“My theory holds true,” said my buddy Mel as he wiped his face and picked his fork back up. “The closer you get to the end of your meal, the better it gets.”
Before he flew out of town with his wife to celebrate their 28th wedding anniversary, Mel shared a simple two-person table with me in the middle of Tori 44’s little dining room. It was a work lunch, so we were behaving. His bowl of shoyu was being reduced to a thin coat of liquid and a few floaty bits, and he was raving about perfectly-cooked noodles and previously-uncharted flavor depths. Even a simple scallion, hidden in noodles but exposed under tooth, was beauty worth praising. His theory was holding true.
His reward for sitting across from me? A front-row seat to a chopstick-fumbling clinic that spanned the whole meal. I had smoked tomato ramen that day. I was raising huge heaps of noodles, mushrooms, and greens to my face. I’m talking portions fit for a backhoe scoop, recklessly lifted, broth splattering everywhere.
The smoked tomato broth was spicy, rich, exciting, and coated the noodles exactly. It didn’t drip. It wasn’t sparse … and when was the last time you saw “exciting” used to describe a “smoked tomato” something?
If you’re familiar with St. Paul’s Tori Ramen, Tori owner Jason Dorweiler’s first location, you’ve likely had your ramen revelation already. Tori was a part of the ramen asteroid that crashed into the Twin Cities a couple of years back and scattered Ramen Kazama, Kung Fu Noodle, and Domo Gastro across the landscape. Dorweiler set himself apart by expanding westward into Victory 44’s old space and securing the square feet necessary to make their own noodles in-house. They’re the first ramen shop in the Twin Cities to do this.
That also means they can sell noodles by the bag for at-home preparation, and Lord knows we can’t talk about ramen without recounting our lean years. We can’t talk about ramen without bringing up the bricks of Maruchan instant ramen we’d get for like 12 cents per serving. Of course not.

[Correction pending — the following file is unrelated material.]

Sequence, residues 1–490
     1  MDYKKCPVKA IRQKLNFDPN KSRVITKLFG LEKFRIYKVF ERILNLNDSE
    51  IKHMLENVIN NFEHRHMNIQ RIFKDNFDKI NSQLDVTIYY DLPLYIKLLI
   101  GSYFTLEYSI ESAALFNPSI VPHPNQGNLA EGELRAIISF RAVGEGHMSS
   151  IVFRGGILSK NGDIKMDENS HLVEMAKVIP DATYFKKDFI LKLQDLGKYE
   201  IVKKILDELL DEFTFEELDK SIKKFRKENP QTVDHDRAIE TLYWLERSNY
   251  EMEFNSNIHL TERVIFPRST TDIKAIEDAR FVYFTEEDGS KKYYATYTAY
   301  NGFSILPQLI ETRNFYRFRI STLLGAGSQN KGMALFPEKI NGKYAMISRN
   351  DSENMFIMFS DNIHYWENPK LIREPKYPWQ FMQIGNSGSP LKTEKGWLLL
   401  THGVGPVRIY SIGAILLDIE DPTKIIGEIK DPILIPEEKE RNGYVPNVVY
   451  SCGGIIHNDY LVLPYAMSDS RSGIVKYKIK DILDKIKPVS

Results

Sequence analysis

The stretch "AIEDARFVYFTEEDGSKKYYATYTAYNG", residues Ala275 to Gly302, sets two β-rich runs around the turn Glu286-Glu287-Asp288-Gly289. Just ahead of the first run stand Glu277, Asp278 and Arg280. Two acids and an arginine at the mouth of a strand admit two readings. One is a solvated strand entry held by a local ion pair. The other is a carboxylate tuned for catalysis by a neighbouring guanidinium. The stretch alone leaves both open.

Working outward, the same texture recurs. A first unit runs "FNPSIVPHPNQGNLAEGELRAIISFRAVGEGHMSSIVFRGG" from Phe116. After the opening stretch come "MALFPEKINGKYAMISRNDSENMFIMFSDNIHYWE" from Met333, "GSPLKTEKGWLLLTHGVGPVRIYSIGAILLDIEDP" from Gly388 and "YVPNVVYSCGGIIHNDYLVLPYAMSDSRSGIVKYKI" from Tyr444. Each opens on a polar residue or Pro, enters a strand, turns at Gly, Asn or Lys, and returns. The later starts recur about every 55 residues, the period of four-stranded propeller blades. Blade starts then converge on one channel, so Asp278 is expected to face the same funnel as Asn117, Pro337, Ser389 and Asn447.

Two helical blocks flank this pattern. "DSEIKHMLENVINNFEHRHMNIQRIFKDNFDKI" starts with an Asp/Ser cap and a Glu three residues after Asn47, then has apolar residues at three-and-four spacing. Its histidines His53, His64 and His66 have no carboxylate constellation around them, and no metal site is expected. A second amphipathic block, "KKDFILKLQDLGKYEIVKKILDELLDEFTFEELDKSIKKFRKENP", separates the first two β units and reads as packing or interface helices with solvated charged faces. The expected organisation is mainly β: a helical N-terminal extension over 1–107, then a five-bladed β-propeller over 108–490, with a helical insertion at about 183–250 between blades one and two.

If you were like me, you preferred the beef-flavored Maruchan – not for taste, but for the dark brown shade your water turned once the “flavor” packet was stirred in. Chicken and pork “broth” had the same lifeless hue; the beef at least looked like a delicacy, if you’d gone long enough without seeing a delicacy. If you had sriracha or hot sauce on hand, you doused your dish with it. If you were feeling fancy, perhaps you plopped a fried egg in. Mel told me a hilarious story during our meal involving ramen noodles boiled in malt liquor, then served macaroni-style with chopped hot dogs.
And you don’t have to admit it loudly, but I will: the body of work, all things considered, wasn’t too bad. But for many people, sadly, the relationship with ramen never extends past the Maruchan wrapper.
A key component of a good ramen is a good tare. For a two-cent explanation: tare is seasoning. That isn’t what the shiny Maruchan flavor packet is trying to masquerade as. No, in that scenario, tare is absent completely. There are some basic tares (this website offers an entry-level primer to ramen), but many ramen houses have their own signature tares.
Tori 44 does, too, and they offer one ramen that wields three tares at once. It’s name: Dramen.